Monday, December 31, 2012

Baristas of the World Unite

            Until quite recently, I’ve been barista-ing around, putting off attempting to pursue an actual career, because let’s face it—there aren’t any. Capitalism has run its course—created jobs and opportunity and competition… particularly competition. But employment has become a thing of the past, the competition simply too much. No one told us we’d be up against computers and machines.
              And Asians.
            College is no longer worth it. The more extensive schooling you seek, the further behind you’ll find yourself in the rat race. A good amount of my coworkers have been college graduates – Bachelor’s in marketing and business, nothing to show for it except a sizable student debt. Once upon a time, I used to envision my future selfa diligent, sophisticated, college-going girl. I imagined moseying along a marble hallway of some Hogwarts-esque school, swaddled smartly in a scarf to keep away the bitter cold, along with any possibility of succumbing to the dregs of society—the unemployed and insane; escaped schizophrenics and sex offenders. As a kid I used to fancy myself some sort of savage, who could survive in the wild with relative easefeasting on forest berries, adopting myself into an obliging pack of wolves. But homelessness isn’t the blissful fairytale I once took it to be, and I now realize I wouldn’t last a second on the streets. So what’s a girl supposed to do? Obviously get a job in the food service industry, America’s favorite fallback.
            I was a bakery clerkthe most efficient one ever, I might add. I’d open coffee mostly, and by the end I was so good I could manage in a single trip to the back, ice bucket propped up between my hip and forearm, one water pitcher precariously in either hand, a handful of spoons clanking away in my back pocket. I’d fill up the hoppers, pull some shots to test the grind, and get myself good and over-caffeinated.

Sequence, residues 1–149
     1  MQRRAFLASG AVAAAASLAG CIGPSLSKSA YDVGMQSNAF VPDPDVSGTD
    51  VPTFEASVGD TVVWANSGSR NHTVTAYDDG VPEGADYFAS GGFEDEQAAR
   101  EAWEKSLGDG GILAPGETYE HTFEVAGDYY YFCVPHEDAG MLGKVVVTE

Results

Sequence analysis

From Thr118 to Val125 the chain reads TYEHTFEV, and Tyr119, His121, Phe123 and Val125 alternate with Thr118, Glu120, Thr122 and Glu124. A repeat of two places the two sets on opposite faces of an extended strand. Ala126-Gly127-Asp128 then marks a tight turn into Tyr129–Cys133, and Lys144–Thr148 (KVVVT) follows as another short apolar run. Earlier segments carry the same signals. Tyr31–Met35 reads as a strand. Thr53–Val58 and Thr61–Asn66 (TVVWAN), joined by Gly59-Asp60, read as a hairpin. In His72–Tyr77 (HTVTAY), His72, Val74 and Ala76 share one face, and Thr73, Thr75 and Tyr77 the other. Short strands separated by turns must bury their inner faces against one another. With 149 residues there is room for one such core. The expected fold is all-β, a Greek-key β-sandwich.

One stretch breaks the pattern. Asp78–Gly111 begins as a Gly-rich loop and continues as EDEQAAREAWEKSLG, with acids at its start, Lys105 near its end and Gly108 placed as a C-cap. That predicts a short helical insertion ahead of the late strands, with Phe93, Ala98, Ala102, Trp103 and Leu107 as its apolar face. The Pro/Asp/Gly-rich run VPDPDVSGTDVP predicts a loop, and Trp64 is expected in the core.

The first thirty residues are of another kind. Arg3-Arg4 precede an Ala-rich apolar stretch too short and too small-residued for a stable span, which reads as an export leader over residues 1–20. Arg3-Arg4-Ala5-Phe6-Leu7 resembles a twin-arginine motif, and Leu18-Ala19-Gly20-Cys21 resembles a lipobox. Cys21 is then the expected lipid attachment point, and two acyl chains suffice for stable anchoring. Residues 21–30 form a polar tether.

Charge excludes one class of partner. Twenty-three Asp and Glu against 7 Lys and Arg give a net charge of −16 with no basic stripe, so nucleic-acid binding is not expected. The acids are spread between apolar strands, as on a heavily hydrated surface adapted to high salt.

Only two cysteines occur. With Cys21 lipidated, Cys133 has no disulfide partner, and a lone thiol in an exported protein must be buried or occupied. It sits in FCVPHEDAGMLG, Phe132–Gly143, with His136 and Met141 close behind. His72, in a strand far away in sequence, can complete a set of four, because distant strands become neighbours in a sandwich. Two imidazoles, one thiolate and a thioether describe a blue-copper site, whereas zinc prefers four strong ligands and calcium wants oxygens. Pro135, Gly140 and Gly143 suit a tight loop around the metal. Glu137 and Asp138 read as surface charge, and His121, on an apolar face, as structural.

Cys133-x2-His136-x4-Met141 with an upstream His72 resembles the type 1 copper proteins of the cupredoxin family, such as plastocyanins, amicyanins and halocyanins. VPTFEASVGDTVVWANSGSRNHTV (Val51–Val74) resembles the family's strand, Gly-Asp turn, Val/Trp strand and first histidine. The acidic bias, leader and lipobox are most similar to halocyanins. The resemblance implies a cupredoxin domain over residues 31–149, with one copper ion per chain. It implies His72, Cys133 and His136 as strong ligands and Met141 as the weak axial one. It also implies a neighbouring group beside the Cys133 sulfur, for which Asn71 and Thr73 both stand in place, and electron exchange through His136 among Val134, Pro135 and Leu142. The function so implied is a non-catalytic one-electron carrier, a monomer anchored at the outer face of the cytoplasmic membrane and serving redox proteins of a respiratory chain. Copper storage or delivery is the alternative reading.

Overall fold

Completing these tiny tasks was satisfying at first, but became increasingly tedious as the weeks went on, until two years later there I was, still making coffee, filling ice buckets and water pitchers, my hopes and dreams fading into empty silhouettes in the distance... I figured if I have so much apparent potential I had better put it to use. I’ve always wanted to be a writer. Well, I’ve aspired to be many things over the years—supermodel, spy, 1950s flight attendant, astronaut, fashion designer, Russian Olympic gymnast—but the one that stuck and seems most within reach has always been writing.
          So I broke down and did it. Quit my job that is, just before Christmas. I decided to take some time off to pursue my writing, at least for a while, so here I am. Now what to write? Well if Rosie O’Donnell in Harriet the Spy (remember Harriet the Spy?!) has taught me anything at all, it is to write what you know.
          So far I have a blog for everything I don’t know a damn thing about. I wear pyjamas in public on a regular basis, yet I thought it a clever move to begin a fashion blog. For months it consisted of a single post discussing how little I know or care about what you wear.
            But if there’s one thing I know it’s making coffee. Welcome to my barista blog.

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